You have some tax-related humor prepared for us today?
It’s hard to think there’s anything funny about taxes when you’re under a mountain of paperwork, but I do have a bit of comic relief for you today! I did some research about the craziest tax-write offs the IRS has allowed—and some ridiculous things people have tried and failed to slip by the IRS—and you’re not going to believe some of the things I dug up!
You’d be amazed about what people try to write off concerning their pets, and it’s no wonder why—they’re expensive! According to the ASPCA, dogs and cats both cost over $1,000 a year. One woman claimed an unusually high amount of medical expenses for a dependent, but she didn’t have a spouse or any children. Turns out the “dependent” was her dog. Her accountant set her straight that if it’s covered in fur, you can’t claim it as a dependent. In general, pet expenses are not deductable, but there are a couple of surprising exceptions.
For instance, you can deduct expenses related to a foster animal if the goods or services are SOLELY for the foster pet AND if the organization is a registered non-profit. That means it has 501(c)(3) tax status. Also, expenses exceeding $250 may require a letter from the organization. In a landmark tax court case, a California woman was able to deduct 90% of the $12,000 in deductions she claimed for the 70 cats she fostered. Seventy cats. But this wasn’t your average crazy cat lady—she was working with a legitimate charity.
Another case in which you can deduct dog expenses? If you own your own business and your dog doubles as a security system. But don’t push it! You can’t deduct expenses for your Chihuahua—If you’re going to claim you employ Fido as a guard dog, you need to be a little bit afraid of him yourself—We’re talking pit bulls and German Shepherds, not a Labrador who greets you at the door with a squeaky toy. You can’t deduct the cost of the dog itself, but related expenses—like food and medical bills—can qualify. The craziest detail? You can depreciate your guard dog over its lifespan as determined by a local breeder. Remember, as with everything tax-related, documentation and receipts are crucial.
What else have you got?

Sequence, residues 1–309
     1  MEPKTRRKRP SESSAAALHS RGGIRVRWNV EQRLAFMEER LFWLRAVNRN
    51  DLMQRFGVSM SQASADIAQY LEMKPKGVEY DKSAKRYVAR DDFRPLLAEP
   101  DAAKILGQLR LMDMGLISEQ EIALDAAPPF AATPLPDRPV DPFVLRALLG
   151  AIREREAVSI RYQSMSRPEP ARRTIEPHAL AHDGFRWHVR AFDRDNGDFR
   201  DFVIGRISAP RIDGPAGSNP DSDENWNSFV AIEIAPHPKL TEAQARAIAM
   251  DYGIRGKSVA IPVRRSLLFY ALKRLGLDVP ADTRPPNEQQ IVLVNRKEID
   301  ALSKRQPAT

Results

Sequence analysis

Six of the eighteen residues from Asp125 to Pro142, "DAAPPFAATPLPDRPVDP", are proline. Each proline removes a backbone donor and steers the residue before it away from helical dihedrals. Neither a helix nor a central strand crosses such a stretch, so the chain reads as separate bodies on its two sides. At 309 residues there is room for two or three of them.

Some people want to get paid for love, and sometimes they actually can. You know that loaf of a boyfriend or girlfriend? They could add value come tax time. To claim a non-relative as a dependent, he or she had to live in your home for the full tax year and make less than $3,800 in gross income for 2012. You also generally must provide more than half of the person’s financial support, and he or she can’t be claimed as a dependent by anyone else.
There have been a couple of completely ridiculous claims in this arena, like the man who tried to deduct money spent on his mistress as a business expense. There is another story about a man whose accountant asked him and his wife about the mortgage interest deduction on their condo in Utah. The deduction was legitimate, but his wife didn’t know about the condo—where he’d set up his mistress. It may have been the last time they filed a joint return.
I’ve got another one for you. The Academy Awards are coming up next week and one thing most movie stars have in common is that they aren’t hard to look at. A lot of aspiring actors and actresses are tempted to write off plastic surgery, but just because you incur an expense for business reasons doesn’t mean it qualifies as a deduction. Cosmetic surgery is generally not deductible because it’s for aesthetic reasons. To qualify as a medical deduction, the procedure must be medically necessary, meaning it was prescribed by a physician. So a nose job could qualify IF you are repairing a deviated septum. Remember, all your medical expenses, including any allowable plastic surgeries, must come to more than 7.5% of your adjusted gross income before you can claim them.
To qualify as a business expense, you have to prove the surgery is related to your job performance, and there is one infamous case of plastic surgery satisfying this requirement. Do you want to hear about it? It involves an exotic dancer with the stage name “Chesty Love.”
What’s the story?
She had her breasts augmented to a 56 FF and then a 56 N. After the IRS ruled that her surgeries were personal expenses, she appealed, citing her surge in income post surgery. Four years after she filed, a judge eventually ruled that the implants could be deducted, comparing them to work clothes and uniforms, which are allowable only if they satisfy a two-step test: (1) required as a condition of employment and (2) unsuitable for everyday use. Considering Chesty Love’s new assets weighed in at ten pounds apiece and she would have taken them “off” after work if possible, they were considered “props” that could, in fact, be deducted.
A young Amish man deducted his buggy. At first blush, this seems to be a completely legitimate write-off… It’s for business purposes. But the accountant looked closer and saw that the buggy had been outfitted with velvet interior, kick plates, dash lights, tinted windshield, speedometer, hydraulic brakes and dimmer switches! This Amish boy had completely pimped his buggy, spending over $3,500 instead of the average of about $2,700. Anyway, the accountant ended up allowing him to deduct a portion of the buggy.